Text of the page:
Kalpana Kalpana (Editor)

Dimethyl sulfide

Updated on
Share on FacebookTweet on TwitterShare on LinkedInShare on Reddit

Boiling point
37.34 °C

Colourless liquid


840 kg/m³

Dimethyl sulfide What39s that smell Dimethyl sulfide DMS FEMA 3536 Flavor Scientist

Related compounds
Dimethyl sulfoxideDimethyl sulfone

DMSO (Dimethyl Sulfoxide)

Dimethyl sulfide (DMS) or methylthiomethane is an organosulfur compound with the formula (CH3)2S. Dimethyl sulfide is a water-insoluble flammable liquid that boils at 37 °C (99 °F) and has a characteristic disagreeable odor. It is a component of the smell produced from cooking of certain vegetables, notably maize, cabbage, beetroot and seafoods. It is also an indication of bacterial contamination in malt production and brewing. It is a breakdown product of dimethylsulfoniopropionate (DMSP), and is also produced by the bacterial metabolism of methanethiol.


Dimethyl sulfide Dimethyl Sulfide in the Green Ocean Amazon kolbala

Natural occurrence

Dimethyl sulfide Illustrated Glossary of Organic Chemistry Methyl sulfide dimethyl

DMS originates primarily from DMSP, a major secondary metabolite in some marine algae. DMS is the most abundant biological sulfur compound emitted to the atmosphere. Emission occurs over the oceans by phytoplankton. DMS is also produced naturally by bacterial transformation of dimethyl sulfoxide (DMSO) waste that is disposed of into sewers, where it can cause environmental Odor problems.

Dimethyl sulfide httpsuploadwikimediaorgwikipediacommonsthu

DMS is oxidized in the marine atmosphere to various sulfur-containing compounds, such as sulfur dioxide, dimethyl sulfoxide (DMSO), dimethyl sulfone, methanesulfonic acid and sulfuric acid. Among these compounds, sulfuric acid has the potential to create new aerosols which act as cloud condensation nuclei. Through this interaction with cloud formation, the massive production of atmospheric DMS over the oceans may have a significant impact on the Earth's climate. The CLAW hypothesis suggests that in this manner DMS may play a role in planetary homeostasis.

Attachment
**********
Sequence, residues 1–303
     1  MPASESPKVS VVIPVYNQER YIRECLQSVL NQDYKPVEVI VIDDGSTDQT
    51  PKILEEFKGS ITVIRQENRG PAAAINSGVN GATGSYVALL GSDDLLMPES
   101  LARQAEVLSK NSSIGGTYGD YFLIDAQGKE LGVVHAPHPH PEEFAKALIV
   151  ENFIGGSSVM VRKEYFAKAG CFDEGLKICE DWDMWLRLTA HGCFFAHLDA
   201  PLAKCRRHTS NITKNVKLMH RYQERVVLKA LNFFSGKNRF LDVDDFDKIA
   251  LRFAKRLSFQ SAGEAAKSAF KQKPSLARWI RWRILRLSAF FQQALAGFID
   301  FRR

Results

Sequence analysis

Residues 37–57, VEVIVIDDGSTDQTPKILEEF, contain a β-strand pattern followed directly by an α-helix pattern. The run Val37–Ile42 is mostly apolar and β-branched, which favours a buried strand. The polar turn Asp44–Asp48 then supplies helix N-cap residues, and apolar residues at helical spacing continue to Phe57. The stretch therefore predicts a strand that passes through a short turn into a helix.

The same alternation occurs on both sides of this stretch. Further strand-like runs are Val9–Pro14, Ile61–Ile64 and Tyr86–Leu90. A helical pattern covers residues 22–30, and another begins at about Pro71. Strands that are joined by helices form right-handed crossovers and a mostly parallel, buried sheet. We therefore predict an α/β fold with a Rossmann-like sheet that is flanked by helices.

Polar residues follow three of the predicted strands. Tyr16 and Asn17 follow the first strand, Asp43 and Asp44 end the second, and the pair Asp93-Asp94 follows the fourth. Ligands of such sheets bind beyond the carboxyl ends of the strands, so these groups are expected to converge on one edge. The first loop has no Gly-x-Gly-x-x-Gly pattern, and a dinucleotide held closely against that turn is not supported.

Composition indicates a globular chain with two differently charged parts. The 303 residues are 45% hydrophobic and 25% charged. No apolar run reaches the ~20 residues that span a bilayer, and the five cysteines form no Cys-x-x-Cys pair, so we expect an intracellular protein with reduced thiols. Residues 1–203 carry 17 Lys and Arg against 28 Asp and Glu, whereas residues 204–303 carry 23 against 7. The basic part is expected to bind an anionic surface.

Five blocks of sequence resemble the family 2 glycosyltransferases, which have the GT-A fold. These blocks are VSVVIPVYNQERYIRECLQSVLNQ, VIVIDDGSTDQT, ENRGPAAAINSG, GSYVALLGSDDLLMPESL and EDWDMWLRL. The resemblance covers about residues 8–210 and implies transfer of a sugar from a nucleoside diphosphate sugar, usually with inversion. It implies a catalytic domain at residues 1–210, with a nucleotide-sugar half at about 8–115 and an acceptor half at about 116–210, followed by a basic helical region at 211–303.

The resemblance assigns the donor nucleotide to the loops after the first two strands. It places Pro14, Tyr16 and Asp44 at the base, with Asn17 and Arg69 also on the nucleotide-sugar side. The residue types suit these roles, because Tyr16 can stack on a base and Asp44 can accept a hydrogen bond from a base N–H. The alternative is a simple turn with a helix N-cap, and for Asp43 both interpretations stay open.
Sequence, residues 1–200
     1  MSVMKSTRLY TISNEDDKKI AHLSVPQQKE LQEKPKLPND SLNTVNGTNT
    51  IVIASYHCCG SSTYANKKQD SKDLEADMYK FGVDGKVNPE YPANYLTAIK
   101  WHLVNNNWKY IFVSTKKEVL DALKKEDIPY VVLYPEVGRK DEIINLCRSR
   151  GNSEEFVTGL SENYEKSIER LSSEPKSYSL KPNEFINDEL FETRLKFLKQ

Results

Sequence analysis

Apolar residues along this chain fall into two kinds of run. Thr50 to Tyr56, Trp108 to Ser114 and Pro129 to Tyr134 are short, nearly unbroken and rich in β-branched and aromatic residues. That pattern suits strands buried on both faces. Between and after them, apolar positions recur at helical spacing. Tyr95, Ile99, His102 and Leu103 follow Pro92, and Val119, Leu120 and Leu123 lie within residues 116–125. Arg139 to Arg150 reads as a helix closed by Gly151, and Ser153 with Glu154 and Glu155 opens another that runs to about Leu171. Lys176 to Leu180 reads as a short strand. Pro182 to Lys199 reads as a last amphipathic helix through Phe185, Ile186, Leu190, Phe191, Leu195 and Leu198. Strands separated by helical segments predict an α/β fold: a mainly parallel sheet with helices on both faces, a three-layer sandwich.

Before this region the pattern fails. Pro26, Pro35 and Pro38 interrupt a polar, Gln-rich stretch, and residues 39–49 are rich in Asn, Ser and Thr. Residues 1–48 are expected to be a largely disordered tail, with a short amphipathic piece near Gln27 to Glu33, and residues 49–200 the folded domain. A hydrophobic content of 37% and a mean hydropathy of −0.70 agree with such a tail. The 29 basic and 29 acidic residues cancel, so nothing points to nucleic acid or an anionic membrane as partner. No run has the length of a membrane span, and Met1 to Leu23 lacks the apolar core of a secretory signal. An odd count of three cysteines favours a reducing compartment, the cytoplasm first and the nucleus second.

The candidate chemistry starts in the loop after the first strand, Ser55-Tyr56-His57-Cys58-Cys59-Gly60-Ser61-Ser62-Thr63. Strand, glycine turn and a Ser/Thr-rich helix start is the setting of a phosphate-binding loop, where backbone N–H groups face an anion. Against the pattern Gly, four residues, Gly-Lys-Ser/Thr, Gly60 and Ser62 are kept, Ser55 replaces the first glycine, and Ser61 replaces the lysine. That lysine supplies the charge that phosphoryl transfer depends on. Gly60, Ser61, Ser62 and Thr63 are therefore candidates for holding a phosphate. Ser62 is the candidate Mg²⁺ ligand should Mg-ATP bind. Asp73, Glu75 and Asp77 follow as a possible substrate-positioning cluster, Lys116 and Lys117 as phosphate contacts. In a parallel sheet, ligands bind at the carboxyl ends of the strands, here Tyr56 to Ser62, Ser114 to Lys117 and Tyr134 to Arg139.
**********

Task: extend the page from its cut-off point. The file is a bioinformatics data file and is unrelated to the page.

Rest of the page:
Dimethyl sulfide Borane dimethyl sulfide complex SigmaAldrich

Marine phytoplankton also produce dimethyl sulfide, and DMS is also produced by bacterial cleavage of extracellular DMSP. DMS has been characterized as the "smell of the sea", though it would be more accurate to say that DMS is a component of the smell of the sea, others being chemical derivatives of DMS, such as oxides, and yet others being algal pheromones such as dictyopterenes.

Dimethyl sulfide Boron trifluoride methyl sulfide complex 95 SigmaAldrich

Dimethyl sulfide also is an odorant emitted by kraft pulping mills, and it is a byproduct of Swern oxidation.

Dimethyl sulfide Dimethyl sulfide 99 CH32S SigmaAldrich

Dimethyl sulfide, dimethyl disulfide, and dimethyl trisulfide have been found among the volatiles given off by the fly-attracting plant known as dead-horse arum (Helicodiceros muscivorus). Those compounds are components of an odor like rotting meat, which attracts various pollinators that feed on carrion, such as many species of flies.

Physiology of dimethyl sulfide

Dimethyl sulfide Dimethyl sulfide C2H6S ChemSpider